The fifth phase is where we actually sit down and sew the pieces together. It’s not necessarily, okay we’re gonna sit down at the sewing machine and it’s all gonna be done. You sew one seam and then you have to iron it flat and roll it out and glue the seam so that everything stays really flush and flat. We just moved into our studio downtown Nashville. It’s in a neighborhood called Pie Town which is in a very up and coming area. I’ve been here for three and a half years. I’ve lived in London for five years which is where I studied.

I’ve lived in San Francisco. I grew up in Alabama. There’s a spirit about Nashville that it’s just really great. Within the few years that I was here, I felt this growth happen and it’s still happening. There’s no second thought in my head of anything else I would rather be doing. There is a leather jacket for everyone. That’s why I’m here; is to basically help create these pieces that even if it’s someone who has never been able to envision themselves in a leather jacket, like we can make that jacket. The most important part of identifying one of my jackets is the visible logo which is stamped in 22 carat gold on each jacket. The second is the fit, especially when viewed from the side. I create this very specific curve on every jacket that I do. Slightly higher in the back and it drops really beautifully down to the front.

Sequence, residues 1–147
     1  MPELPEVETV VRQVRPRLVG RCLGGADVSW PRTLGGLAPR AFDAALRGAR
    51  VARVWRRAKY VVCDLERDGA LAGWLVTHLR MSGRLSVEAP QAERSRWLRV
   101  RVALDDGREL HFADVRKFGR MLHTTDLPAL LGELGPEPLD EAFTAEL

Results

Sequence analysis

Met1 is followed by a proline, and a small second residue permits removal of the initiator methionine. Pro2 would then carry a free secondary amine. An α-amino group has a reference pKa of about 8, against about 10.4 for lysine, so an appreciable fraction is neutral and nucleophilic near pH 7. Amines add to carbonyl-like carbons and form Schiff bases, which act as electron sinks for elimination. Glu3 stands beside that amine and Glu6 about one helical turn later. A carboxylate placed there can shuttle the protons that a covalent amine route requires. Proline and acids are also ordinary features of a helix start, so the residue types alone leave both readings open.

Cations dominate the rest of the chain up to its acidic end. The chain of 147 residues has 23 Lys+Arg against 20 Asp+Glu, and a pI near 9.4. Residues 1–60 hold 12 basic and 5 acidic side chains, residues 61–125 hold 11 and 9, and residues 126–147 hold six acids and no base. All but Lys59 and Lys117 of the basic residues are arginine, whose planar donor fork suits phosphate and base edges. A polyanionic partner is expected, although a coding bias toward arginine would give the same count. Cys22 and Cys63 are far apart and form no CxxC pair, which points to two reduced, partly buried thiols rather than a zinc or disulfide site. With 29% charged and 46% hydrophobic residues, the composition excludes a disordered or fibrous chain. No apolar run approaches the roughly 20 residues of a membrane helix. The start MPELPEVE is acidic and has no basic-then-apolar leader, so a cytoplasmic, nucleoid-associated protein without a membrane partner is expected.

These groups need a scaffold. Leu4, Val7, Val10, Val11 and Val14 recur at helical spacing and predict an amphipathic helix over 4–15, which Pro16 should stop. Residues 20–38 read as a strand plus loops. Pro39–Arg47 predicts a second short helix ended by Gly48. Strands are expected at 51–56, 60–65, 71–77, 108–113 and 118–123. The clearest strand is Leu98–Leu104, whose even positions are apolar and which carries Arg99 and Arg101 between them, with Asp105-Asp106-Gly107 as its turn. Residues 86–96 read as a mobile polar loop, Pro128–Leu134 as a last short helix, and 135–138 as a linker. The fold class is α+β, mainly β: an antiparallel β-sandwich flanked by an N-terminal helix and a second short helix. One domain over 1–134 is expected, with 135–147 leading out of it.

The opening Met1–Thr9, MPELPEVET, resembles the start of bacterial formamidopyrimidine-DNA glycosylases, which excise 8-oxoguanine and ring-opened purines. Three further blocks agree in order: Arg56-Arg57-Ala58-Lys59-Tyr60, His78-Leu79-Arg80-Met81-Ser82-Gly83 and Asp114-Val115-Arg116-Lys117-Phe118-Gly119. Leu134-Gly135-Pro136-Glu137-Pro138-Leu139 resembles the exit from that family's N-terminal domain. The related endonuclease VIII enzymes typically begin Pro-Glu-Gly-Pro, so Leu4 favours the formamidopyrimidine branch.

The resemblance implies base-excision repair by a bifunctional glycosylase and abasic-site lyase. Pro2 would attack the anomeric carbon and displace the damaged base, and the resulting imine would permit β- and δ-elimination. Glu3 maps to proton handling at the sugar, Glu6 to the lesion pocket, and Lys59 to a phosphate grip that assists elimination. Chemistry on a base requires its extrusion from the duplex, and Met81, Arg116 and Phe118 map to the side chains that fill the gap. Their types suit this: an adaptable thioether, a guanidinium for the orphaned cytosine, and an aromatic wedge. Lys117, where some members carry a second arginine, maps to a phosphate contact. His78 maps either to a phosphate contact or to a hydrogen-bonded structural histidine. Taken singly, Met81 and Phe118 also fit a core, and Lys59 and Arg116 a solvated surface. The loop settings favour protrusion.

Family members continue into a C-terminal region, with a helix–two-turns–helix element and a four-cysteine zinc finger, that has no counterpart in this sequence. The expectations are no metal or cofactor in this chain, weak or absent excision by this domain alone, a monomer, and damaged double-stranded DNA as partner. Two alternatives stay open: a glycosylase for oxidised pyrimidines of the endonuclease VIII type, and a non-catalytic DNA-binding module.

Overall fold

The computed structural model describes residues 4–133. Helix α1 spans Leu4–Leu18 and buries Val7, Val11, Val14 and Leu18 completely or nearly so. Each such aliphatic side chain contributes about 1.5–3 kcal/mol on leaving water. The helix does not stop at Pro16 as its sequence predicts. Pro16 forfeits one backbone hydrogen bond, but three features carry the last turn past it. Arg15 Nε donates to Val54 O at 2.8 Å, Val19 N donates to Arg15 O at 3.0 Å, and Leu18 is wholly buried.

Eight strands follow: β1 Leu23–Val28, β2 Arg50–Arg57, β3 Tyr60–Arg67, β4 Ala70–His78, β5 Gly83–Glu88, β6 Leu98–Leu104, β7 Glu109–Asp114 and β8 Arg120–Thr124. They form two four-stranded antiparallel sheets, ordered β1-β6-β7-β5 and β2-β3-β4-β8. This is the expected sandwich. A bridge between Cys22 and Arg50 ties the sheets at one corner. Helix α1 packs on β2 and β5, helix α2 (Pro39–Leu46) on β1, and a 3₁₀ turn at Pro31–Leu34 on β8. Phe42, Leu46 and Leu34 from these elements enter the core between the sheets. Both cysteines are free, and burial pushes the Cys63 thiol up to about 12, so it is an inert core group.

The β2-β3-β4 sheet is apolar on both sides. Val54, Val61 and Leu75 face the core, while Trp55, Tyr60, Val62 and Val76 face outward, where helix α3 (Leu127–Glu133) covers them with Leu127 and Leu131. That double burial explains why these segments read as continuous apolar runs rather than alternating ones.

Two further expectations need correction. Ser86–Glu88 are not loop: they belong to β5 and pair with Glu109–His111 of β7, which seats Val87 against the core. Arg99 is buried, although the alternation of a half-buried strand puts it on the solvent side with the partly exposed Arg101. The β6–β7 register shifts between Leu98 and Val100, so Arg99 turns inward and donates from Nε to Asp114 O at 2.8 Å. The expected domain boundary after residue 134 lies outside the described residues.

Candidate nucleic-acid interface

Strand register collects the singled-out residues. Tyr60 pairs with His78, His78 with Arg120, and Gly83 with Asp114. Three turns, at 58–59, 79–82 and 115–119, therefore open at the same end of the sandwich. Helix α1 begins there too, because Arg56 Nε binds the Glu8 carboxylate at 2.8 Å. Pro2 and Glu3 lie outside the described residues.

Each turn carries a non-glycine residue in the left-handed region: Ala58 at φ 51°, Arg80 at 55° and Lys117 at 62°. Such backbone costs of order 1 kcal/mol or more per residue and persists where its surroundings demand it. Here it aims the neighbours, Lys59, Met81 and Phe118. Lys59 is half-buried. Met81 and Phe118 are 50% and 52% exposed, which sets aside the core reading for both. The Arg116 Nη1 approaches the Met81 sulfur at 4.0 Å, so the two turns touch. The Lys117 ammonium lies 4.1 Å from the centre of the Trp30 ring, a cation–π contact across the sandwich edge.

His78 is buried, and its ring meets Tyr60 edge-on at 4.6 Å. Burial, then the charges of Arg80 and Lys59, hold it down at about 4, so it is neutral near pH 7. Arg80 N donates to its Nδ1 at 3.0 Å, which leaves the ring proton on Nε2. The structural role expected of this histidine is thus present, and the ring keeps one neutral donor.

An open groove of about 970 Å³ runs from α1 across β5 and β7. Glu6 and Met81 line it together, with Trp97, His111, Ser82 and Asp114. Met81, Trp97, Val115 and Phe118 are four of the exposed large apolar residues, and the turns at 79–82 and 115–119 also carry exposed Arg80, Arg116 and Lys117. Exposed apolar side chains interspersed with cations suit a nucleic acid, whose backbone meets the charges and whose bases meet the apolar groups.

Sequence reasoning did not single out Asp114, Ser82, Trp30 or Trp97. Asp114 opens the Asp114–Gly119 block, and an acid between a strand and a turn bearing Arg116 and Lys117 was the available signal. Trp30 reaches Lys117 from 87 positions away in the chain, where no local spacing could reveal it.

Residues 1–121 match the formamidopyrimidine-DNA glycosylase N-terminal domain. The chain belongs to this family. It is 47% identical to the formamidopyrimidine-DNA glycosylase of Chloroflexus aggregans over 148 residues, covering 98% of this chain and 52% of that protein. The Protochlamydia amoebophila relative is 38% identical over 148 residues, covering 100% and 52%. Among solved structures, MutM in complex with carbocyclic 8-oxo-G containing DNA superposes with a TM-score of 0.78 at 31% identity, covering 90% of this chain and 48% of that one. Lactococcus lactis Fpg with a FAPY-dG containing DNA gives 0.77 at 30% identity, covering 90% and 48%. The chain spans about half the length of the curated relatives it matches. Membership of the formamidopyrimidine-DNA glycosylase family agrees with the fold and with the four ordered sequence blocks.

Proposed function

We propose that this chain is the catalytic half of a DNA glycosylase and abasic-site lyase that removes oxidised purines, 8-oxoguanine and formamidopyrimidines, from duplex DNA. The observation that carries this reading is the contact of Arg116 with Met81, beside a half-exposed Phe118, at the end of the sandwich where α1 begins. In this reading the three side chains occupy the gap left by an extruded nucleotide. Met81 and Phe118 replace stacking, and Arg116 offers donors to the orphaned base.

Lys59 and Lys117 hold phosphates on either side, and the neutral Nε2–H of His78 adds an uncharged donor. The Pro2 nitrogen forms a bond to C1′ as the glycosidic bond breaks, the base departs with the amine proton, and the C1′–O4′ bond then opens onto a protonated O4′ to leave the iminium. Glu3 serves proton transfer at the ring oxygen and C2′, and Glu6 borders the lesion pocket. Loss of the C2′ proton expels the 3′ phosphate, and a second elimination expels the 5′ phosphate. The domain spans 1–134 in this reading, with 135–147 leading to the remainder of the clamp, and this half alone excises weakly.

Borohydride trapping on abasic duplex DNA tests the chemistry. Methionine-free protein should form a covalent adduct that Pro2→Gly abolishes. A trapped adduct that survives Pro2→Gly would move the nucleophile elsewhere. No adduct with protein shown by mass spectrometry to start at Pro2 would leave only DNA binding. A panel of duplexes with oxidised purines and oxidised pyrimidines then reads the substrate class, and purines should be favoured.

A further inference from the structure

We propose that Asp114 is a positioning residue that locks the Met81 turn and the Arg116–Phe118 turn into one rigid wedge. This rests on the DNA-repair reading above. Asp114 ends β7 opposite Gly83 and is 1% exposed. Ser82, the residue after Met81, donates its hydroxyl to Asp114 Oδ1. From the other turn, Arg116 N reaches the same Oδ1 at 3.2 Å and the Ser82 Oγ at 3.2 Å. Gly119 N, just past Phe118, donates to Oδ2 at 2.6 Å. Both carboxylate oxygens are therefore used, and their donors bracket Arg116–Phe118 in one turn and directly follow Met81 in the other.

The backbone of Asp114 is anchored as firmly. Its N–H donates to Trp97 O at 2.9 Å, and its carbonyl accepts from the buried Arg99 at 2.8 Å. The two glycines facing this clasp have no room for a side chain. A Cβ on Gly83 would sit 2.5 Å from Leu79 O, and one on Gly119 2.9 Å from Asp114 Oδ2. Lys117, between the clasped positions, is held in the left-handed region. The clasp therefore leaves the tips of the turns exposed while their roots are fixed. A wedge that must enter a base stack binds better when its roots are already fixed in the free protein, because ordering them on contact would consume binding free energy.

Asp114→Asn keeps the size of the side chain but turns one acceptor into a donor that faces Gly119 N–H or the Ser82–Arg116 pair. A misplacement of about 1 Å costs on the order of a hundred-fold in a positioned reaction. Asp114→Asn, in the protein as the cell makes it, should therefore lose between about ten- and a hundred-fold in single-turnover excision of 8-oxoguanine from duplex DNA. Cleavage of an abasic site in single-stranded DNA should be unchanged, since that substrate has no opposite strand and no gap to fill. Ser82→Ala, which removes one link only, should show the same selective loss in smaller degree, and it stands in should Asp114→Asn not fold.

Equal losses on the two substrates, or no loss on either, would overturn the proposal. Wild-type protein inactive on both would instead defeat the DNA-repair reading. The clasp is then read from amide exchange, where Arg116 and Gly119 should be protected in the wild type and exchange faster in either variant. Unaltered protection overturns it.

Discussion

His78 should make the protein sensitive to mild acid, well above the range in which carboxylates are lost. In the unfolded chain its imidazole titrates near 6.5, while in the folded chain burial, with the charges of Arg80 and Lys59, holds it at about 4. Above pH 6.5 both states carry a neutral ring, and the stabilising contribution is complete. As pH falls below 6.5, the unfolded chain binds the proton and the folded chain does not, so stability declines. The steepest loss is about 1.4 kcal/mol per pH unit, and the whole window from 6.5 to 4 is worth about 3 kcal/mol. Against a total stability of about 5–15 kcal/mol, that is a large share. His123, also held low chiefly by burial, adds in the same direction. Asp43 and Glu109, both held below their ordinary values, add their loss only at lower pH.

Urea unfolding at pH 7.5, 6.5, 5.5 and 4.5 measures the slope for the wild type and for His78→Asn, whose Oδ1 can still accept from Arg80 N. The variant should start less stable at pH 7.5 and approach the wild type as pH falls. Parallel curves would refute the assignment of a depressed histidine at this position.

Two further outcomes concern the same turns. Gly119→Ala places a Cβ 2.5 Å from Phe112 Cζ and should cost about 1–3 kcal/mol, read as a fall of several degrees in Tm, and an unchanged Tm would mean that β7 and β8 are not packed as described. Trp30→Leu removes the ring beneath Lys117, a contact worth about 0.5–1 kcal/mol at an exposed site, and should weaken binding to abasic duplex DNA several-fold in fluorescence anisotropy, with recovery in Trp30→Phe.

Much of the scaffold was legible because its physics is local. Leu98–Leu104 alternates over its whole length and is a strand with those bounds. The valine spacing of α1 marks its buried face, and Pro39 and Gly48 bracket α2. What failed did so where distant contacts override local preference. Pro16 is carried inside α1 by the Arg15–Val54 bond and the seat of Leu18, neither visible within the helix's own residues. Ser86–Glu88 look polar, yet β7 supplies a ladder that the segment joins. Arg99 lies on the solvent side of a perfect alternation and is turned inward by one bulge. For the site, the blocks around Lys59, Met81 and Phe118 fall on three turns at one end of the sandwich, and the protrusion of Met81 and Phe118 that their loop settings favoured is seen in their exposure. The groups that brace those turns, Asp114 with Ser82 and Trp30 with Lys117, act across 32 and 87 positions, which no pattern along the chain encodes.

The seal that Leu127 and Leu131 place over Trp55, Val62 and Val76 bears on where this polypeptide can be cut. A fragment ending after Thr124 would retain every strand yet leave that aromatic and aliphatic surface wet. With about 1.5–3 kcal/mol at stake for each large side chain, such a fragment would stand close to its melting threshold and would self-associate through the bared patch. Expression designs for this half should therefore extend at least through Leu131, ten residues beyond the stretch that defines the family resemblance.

And then, we deliver the jacket. Leather jackets always look their best 10 years after you’ve had them. The most beautiful thing to me on a leather jacket when I see someone wearing one, is the creases in the arm because the elbow like stretches out, but you can really just see like now that, you know, I’ve been wearing this one, it’s always got this really beautiful crease going on. Every experience that you have in that jacket, something evolves in that material. It’s like modern day armor ’cause it gives you this like confidence that you really don’t get from any other piece of clothing.

You put on your leather jacket and you feel like you can walk out the door and take on the world. .